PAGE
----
About the Artist
The landscapes of my hometown in Connecticut are important to me. When I was young, I wandered through the woods and discovered a passion for storytelling. Now that I no longer live in New England, I miss the familiar landscapes of home. As a way to foster my sentiment for nature, I write poetry and build objects that depict landscapes. I combine my interests of Americana art and literature with brutalist architecture and modern furniture to construct sculptural installations. I primarily use concrete and hardwood to materially bridge the unnatural with the natural.
I received my Bachelors of Fine Art from Rhode Island School of Design in Furniture Design and my Masters of Fine Art from Virginia Commonwealth University in Craft and Material Studies. I am currently living and working in Richmond, Virginia as an adjunct faculty member at VCUarts.
with Joe Brommel, April 2019
I want to start by talking about the role of your brother in your work. You frame your Familiar House piece as a way of validating his longing to be with his family, and My American West Is A Fantasy as a way of coping with his absence. Can you say a little bit more about that?
My older brother was released from prison this past September, but before that he was incarcerated for about seven years. He was originally arrested in Hawaii but got transferred over to a higher security prison in Arizona and had a very restricted relationship to the landscape — at one point he was in solitary confinement for eighteen months, and was only allowed to go outside for an hour a day without anyone near him. The only way we could really communicate was through letters or through the phone, but whenever we talked he would say how much he missed the landscape of Connecticut in comparison to his very constrained view of the American West. So that body of work was in relation to our conversations and his longing to be with the familiar landscape that his family resides in.
You've moved away from Connecticut as well, right?
Yeah, I'm currently living in Richmond, Virginia, which is about an eight hour car ride from Connecticut. I definitely miss the landscape and my family, and a lot of my work relates back to the nostalgia of growing up in a very pastoral landscape. I've never been out west, either, so all the imagery in my work that references the American West is based on collected images and references from movies and literature.
Was living in Wassaic in some way a return to Connecticut for you, then?
Oh, it was. My hometown was only about 45 minutes away from Wassaic. On some weekends, I took a trip back to Connecticut and stayed with my brother and my mom. It really affected the way that I wrote. I felt like my writing had a very different tone to it because I was no longer writing about a landscape that I missed, but about a landscape that I appreciated and was residing in.
Would you say that your work has changed significantly since your brother got out of prison?
Yeah, him realizing his new position as someone who's no longer in prison is definitely shifting the way that I view my work and the things I want to focus on. Since his release my brother has a little trouble readjusting to society, so he's been going to therapy, and I've been trying to help him by having constructive conversations and researching the ways that he can have a smoother transition into society now that he's no longer in prison.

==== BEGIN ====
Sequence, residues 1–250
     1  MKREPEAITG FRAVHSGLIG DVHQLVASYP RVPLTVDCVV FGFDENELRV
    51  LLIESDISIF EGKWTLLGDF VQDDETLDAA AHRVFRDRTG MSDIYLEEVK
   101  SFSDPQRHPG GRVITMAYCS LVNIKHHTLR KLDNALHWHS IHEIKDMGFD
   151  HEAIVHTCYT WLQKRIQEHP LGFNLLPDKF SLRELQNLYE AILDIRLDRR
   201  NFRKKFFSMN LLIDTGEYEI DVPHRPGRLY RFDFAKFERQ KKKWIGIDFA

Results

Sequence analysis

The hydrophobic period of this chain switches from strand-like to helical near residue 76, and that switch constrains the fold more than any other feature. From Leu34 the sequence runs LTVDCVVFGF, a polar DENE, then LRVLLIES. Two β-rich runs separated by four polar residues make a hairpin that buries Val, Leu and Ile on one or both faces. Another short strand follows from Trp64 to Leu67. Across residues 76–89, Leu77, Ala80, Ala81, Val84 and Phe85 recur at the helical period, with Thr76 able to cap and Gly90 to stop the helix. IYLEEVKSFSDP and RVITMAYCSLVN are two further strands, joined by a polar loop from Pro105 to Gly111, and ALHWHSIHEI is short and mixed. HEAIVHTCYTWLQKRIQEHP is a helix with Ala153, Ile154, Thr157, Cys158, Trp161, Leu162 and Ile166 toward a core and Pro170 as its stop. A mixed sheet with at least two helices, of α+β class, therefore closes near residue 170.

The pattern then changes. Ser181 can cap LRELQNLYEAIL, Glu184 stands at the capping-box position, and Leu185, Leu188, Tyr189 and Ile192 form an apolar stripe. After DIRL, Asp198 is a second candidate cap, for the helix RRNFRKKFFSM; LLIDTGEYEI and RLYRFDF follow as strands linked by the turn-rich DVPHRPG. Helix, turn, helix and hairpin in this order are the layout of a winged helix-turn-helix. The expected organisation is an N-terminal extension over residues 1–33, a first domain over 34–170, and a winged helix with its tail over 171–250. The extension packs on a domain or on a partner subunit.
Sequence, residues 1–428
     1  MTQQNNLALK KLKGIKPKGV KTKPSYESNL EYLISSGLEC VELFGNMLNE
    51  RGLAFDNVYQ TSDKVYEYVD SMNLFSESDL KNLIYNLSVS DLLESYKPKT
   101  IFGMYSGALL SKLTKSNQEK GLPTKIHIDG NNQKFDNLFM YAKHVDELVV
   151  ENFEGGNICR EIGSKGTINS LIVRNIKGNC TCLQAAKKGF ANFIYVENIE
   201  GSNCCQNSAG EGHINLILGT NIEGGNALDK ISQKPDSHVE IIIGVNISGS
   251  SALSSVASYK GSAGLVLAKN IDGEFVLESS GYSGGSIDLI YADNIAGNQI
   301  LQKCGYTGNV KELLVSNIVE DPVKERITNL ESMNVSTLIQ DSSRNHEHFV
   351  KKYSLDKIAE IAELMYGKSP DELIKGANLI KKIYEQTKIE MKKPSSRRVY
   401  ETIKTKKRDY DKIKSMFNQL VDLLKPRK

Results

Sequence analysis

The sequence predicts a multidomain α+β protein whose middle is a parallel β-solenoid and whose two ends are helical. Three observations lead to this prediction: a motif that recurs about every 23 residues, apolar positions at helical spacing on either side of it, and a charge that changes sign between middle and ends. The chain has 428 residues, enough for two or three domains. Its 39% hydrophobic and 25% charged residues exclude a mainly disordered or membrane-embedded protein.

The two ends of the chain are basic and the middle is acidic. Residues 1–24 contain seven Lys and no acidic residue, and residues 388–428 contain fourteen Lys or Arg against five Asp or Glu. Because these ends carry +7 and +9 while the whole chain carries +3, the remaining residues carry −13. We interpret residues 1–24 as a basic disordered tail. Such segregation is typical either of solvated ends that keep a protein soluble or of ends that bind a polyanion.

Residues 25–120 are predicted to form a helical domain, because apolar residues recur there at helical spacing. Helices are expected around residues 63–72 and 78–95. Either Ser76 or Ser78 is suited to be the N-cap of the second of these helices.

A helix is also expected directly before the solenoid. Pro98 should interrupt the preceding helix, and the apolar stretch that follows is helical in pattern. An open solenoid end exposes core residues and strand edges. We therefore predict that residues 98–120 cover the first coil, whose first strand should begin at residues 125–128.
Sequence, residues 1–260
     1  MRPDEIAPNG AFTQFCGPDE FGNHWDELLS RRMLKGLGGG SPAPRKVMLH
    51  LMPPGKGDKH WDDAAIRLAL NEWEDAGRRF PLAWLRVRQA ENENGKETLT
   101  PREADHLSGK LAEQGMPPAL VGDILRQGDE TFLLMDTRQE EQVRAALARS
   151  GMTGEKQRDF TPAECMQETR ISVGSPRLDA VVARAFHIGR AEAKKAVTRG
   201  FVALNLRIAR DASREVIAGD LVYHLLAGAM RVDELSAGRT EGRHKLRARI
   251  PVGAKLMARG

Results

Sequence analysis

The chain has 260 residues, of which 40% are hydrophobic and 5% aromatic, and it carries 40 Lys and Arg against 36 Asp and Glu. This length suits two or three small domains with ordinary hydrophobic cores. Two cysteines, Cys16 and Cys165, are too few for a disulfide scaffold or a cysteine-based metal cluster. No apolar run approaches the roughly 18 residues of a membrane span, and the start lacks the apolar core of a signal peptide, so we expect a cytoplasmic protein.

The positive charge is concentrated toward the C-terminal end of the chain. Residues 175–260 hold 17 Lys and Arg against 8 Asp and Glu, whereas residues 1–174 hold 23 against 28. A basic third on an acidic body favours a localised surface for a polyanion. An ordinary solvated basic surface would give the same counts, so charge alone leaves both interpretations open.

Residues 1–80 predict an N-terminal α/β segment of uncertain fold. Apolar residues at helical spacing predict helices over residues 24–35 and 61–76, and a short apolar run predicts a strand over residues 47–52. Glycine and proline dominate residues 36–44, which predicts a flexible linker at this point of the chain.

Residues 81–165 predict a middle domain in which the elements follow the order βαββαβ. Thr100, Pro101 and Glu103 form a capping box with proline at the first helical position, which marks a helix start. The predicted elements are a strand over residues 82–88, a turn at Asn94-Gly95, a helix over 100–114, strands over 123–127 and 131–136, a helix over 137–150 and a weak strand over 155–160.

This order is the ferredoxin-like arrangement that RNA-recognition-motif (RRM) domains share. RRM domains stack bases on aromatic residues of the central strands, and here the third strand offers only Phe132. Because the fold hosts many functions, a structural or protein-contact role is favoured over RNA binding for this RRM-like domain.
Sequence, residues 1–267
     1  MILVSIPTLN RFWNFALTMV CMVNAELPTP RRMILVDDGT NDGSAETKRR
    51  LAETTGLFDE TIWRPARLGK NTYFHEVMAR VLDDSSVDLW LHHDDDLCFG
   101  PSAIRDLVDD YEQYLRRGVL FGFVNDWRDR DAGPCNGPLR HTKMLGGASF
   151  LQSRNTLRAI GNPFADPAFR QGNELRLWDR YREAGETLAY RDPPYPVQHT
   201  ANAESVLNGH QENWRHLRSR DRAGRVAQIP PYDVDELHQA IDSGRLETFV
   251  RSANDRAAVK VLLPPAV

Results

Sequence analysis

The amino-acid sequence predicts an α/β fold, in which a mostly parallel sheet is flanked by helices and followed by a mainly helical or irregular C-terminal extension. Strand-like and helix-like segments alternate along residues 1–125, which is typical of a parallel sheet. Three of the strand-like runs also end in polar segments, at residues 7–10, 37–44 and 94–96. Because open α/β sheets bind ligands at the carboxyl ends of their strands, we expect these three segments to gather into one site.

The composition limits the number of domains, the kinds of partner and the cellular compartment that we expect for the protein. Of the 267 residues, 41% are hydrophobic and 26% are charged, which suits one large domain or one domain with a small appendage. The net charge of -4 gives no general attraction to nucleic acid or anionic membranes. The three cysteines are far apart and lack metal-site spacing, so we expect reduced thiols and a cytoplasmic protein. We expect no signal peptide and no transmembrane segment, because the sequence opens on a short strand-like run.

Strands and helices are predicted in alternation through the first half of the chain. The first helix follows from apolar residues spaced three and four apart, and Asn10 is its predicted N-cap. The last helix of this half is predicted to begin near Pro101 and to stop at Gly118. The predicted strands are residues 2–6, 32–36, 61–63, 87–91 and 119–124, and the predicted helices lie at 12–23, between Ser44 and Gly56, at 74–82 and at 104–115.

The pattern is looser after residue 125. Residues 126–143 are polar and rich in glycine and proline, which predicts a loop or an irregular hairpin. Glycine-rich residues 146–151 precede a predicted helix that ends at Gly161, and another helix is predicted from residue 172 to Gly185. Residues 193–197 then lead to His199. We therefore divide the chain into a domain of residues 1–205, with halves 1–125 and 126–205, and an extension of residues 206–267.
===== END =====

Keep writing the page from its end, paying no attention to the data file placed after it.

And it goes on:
In the last couple weeks I’ve been developing a new project in relation to that. I'm trying to tie it back into a character I developed in Wassaic. Right now it’s just a working title, but the character’s name is “Jimy Hiway.” He’s a traveler, going from state to state and experiencing different landscapes there. He has a brother who's not in his life at that moment, and is remembering his relationship to his brother through reflecting on all these different landscapes.
I'm also trying to create these landscapes that are more abstract using concrete — that are less a representation of the American West and more of a general American landscape. That’s very open and vague, so I'm trying to focus it more specifically on where my brother is emotionally and mentally right now.
Can you say more about that transition from the American West to a general American landscape? With the American West you have a series of ready-made images, but it’s more difficult to think about what like a general American landscape looks like.
It's more material-based for me. I really like concrete as a material because it’s very industrial and it ties into the capitalist structures that are all across America. I like that conceptual contrast a lot — taking concrete, a very brutalist, institutional material, and pairing it with a more natural landscape.
The idea of what that landscape is going to look like is hard. Right now I'm just building these concrete figures that are somewhat humanoid. They have little legs and look like they're walking, but they're all concrete and have some of the natural landscape qualities that I work with in other pieces. When I’m casting concrete, I like to add some natural component to it — taking wood or sand and casting that in the concrete to give it a more organic flow. That material combination is something that I strive for in my work. Two strong, contrasting things that can be merged together to create a cohesive object.
Photos by Jeff Barnett-Winsby